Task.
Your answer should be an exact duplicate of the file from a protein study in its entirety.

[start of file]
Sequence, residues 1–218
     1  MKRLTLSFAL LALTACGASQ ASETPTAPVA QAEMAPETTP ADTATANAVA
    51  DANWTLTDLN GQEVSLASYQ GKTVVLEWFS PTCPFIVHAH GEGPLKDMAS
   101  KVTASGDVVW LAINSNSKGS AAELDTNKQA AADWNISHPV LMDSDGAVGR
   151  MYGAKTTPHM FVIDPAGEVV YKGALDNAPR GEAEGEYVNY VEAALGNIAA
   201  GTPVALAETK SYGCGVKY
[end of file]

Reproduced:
Sequence, residues 1–218
     1  MKRLTLSFAL LALTACGASQ ASETPTAPVA QAEMAPETTP ADTATANAVA
    51  DANWTLTDLN GQEVSLASYQ GKTVVLEWFS PTCPFIVHAH GEGPLKDMAS
   101  KVTASGDVVW LAINSNSKGS AAELDTNKQA AADWNISHPV LMDSDGAVGR
   151  MYGAKTTPHM FVIDPAGEVV YKGALDNAPR GEAEGEYVNY VEAALGNIAA
   201  GTPVALAETK SYGCGVKY